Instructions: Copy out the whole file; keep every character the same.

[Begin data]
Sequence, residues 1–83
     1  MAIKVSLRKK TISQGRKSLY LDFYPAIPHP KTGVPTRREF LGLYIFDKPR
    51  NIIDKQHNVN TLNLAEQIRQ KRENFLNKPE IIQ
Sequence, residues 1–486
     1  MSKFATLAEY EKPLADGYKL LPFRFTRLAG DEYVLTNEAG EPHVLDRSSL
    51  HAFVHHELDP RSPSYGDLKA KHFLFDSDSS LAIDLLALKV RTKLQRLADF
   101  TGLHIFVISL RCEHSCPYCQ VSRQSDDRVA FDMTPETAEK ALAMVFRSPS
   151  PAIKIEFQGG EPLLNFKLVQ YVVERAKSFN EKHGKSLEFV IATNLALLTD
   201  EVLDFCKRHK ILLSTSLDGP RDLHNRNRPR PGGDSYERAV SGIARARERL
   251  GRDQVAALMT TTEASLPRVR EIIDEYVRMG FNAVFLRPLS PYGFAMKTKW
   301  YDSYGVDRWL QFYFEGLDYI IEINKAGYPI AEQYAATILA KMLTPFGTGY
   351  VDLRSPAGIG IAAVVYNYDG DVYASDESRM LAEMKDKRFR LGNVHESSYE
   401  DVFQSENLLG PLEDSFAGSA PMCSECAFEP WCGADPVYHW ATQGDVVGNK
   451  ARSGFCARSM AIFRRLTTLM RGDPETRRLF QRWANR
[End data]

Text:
Sequence, residues 1–83
     1  MAIKVSLRKK TISQGRKSLY LDFYPAIPHP KTGVPTRREF LGLYIFDKPR
    51  NIIDKQHNVN TLNLAEQIRQ KRENFLNKPE IIQ
Sequence, residues 1–486
     1  MSKFATLAEY EKPLADGYKL LPFRFTRLAG DEYVLTNEAG EPHVLDRSSL
    51  HAFVHHELDP RSPSYGDLKA KHFLFDSDSS LAIDLLALKV RTKLQRLADF
   101  TGLHIFVISL RCEHSCPYCQ VSRQSDDRVA FDMTPETAEK ALAMVFRSPS
   151  PAIKIEFQGG EPLLNFKLVQ YVVERAKSFN EKHGKSLEFV IATNLALLTD
   201  EVLDFCKRHK ILLSTSLDGP RDLHNRNRPR PGGDSYERAV SGIARARERL
   251  GRDQVAALMT TTEASLPRVR EIIDEYVRMG FNAVFLRPLS PYGFAMKTKW
   301  YDSYGVDRWL QFYFEGLDYI IEINKAGYPI AEQYAATILA KMLTPFGTGY
   351  VDLRSPAGIG IAAVVYNYDG DVYASDESRM LAEMKDKRFR LGNVHESSYE
   401  DVFQSENLLG PLEDSFAGSA PMCSECAFEP WCGADPVYHW ATQGDVVGNK
   451  ARSGFCARSM AIFRRLTTLM RGDPETRRLF QRWANR